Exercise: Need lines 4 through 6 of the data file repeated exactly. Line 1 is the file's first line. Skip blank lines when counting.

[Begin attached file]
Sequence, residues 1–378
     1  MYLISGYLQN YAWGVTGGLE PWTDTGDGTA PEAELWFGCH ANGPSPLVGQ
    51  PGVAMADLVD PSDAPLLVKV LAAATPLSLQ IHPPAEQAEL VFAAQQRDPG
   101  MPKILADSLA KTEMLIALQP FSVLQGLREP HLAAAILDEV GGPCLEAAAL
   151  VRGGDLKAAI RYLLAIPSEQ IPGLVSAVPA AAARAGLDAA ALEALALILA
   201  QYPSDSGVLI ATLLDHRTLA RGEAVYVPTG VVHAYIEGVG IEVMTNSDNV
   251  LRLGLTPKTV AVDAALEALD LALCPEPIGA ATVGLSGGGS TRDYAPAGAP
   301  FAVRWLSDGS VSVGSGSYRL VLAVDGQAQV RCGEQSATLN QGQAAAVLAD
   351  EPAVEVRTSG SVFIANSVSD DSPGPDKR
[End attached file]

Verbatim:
   101  MPKILADSLA KTEMLIALQP FSVLQGLREP HLAAAILDEV GGPCLEAAAL
   151  VRGGDLKAAI RYLLAIPSEQ IPGLVSAVPA AAARAGLDAA ALEALALILA
   201  QYPSDSGVLI ATLLDHRTLA RGEAVYVPTG VVHAYIEGVG IEVMTNSDNV